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Home   About   Scholarships   Meetings   Publications   Resources   June 16, 2015

 



Could daily aspirin prevent breast cancer?
Medical News Today
Conducted by Dr. Sushanta Banerjee, research director of the Cancer Research Unit at the Veterans Affairs Medical Center in Kansas City, Missouri, and colleagues, the study revealed how low-dose aspirin impaired the ability of breast cancer cells to renew. The researchers say their findings suggest a daily dose of aspirin — a medication commonly used to relieve pain and prevent blood clots — could prevent breast cancer development and recurrence in women.
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New trial tests whether TB shot fights Type 1 diabetes
HealthDay
Researchers are launching a clinical trial to see if a vaccine approved long ago to prevent tuberculosis may also hold promise as a treatment for type 1 diabetes. The proposed five-year study is designed to investigate whether repeated injections of the tuberculosis vaccine bacille Calmette-Guerin (or BCG vaccine) can quiet the immune system attack that causes type 1 diabetes and improve blood sugar levels in people with long-standing diabetes.
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Stem cell discovery paves way for targeted treatment for osteoarthritis
Health Canal
Researchers in the Departments of Biology and Physics at York, working with colleagues at the Erasmus Medical Center in Rotterdam, have identified individual stem cells that can regenerate tissue, cartilage and bone. The stem cells are mixed within human bone marrow stromal cells (MSCs) but are similar in appearance and previously, scientists had difficulty in distinguishing between them.
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Quadruple anti-HCV regimen highly effective in HCV/HIV coinfected individuals
Medscape
A four-drug anti-HCV regimen provides sustained virological responses (SVR) in most individuals coinfected with HCV and HIV, researchers from France report. "It is possible to cure nearly all these difficult-to-treat patients with such a combination, which could be of interest as a second-line or salvage approach," Dr. Lionel Piroth from Université de Bourgogne in Dijon told Reuters Health by email.
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'Silent' Celiac Disease found in kids at rheumatology clinic
Medscpe
Celiac disease was twice as common in children presenting for rheumatology evaluation as in the general population, and musculoskeletal symptoms in those with the disease resolved with a gluten-free diet.
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UCLA researchers develop lens-free smartphone microscope, pathologists may be able to take the clinical pathology laboratory just about anywhere
DARK Daily
At UCLA, Professor Aydogan Ozcan, Ph.D. is already well known for having invented attachments that use a smartphone's camera to create a tiny, lens-free microscope. Now Ozcan, who is the Chancellor's Professor of Electrical Engineering and Bioengineering at the UCLA Henry Samueli School of Engineering and Applied Science, has created an inexpensive smartphone device that produces holographic images of tissue samples that allow pathologists to view cancer and other abnormalities at the cellular level, according to a Dec. 17, 2014, Science Translational Medicine (STM) article.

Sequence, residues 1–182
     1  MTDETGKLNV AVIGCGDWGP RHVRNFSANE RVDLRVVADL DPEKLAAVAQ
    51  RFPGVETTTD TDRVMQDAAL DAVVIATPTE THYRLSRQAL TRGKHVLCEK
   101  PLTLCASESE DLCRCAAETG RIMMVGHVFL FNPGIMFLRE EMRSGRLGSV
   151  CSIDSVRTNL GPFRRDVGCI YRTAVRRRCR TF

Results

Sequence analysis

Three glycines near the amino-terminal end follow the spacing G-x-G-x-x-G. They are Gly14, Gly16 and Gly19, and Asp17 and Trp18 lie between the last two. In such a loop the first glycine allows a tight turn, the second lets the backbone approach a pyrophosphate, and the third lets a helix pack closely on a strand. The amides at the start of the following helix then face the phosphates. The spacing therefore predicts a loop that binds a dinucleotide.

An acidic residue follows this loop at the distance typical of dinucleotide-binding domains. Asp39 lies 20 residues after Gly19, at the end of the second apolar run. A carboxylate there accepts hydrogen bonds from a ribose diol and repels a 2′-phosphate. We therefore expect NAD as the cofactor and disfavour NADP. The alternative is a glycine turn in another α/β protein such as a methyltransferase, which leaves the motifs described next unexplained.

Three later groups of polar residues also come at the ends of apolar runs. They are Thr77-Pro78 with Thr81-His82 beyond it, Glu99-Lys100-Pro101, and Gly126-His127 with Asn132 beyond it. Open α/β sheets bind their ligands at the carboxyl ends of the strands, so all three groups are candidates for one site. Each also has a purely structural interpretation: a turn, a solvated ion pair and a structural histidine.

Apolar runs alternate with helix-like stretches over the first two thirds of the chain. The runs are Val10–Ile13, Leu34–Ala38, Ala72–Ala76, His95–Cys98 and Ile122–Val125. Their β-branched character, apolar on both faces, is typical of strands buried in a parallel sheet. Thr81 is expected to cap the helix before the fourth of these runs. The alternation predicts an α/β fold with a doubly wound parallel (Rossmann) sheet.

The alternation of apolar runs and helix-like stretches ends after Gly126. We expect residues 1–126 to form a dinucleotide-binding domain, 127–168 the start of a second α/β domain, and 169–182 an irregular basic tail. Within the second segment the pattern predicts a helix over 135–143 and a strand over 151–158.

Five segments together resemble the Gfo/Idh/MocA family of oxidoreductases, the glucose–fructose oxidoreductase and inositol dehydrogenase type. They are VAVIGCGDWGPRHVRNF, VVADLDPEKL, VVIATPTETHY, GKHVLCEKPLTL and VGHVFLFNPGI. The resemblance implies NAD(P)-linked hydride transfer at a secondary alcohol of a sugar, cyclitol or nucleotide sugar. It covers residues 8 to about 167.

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As MERS outbreak surges, genetic tests show virus hasn't mutated
NPR
An outbreak of the Middle East respiratory syndrome, or MERS, has swelled to 95 cases in South Korea. Seven people have died, and scientists are trying to figure why the outbreak has grown so rapidly. Although there's no vaccine or treatment for MERS, the disease isn't usually very contagious.
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Study: Boosting gut bacteria defense system may lead to better treatments for bloodstream infections
Lab Manager
In the study, published online in Nature Medicine, scientists identified how a certain transcription factor — a protein that that turns genes on and off — works in partnership with a naturally occurring antibiotic to kill infection-causing fungi called Candida albicans. These particular fungi, best known as a cause of yeast infections and oral thrush, can be lethal if they overgrow and invade the bloodstream from the gut.
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Vaccine kicked rotavirus to the curb in a few short years
Forbes
Within six years of the introduction of the rotavirus vaccine, hospitalizations for the diarrheal illness had dropped by 94 percent and hospitalizations for overall gastrointestinal illnesses were cut in half. Those are the findings of CDC-funded research published in JAMA recently.
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TRENDING ARTICLES
Missed last week's issue? See which articles your colleagues read most.

    Discovery of how bacteria survive antibiotics may improve treatment of infectious diseases (Cell Press via Infection Control Today)
Study: Immunity enzyme defends against tuberculosis infection (UT Southwestern Medical Center via Infection Control Today)
Preliminary incidence and trends of infection with pathogens transmitted commonly through food (Medscape)
Shingles vaccine appears to cut odds of long-term pain (HealthDay News)

Don't be left behind. Click here to see what else you missed.
 



ASCLS eNewsBytes

Colby Horton, Vice President of Publishing, 469.420.2601
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Katina Smallwood, Senior Editor, 469.420.2675   
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